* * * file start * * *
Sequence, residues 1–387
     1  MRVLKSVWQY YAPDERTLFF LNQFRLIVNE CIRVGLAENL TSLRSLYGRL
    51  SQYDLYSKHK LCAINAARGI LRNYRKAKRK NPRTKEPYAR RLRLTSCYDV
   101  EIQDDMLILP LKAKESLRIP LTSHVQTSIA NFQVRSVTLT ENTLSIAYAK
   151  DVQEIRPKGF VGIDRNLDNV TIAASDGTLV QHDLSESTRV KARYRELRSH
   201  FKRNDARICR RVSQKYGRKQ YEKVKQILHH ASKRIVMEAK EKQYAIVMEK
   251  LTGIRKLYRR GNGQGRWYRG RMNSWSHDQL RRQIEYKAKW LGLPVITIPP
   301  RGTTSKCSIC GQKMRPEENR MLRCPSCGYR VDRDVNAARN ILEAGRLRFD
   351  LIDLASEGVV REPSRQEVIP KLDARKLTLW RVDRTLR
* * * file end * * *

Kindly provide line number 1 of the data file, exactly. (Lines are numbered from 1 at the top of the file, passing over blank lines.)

Sequence, residues 1–387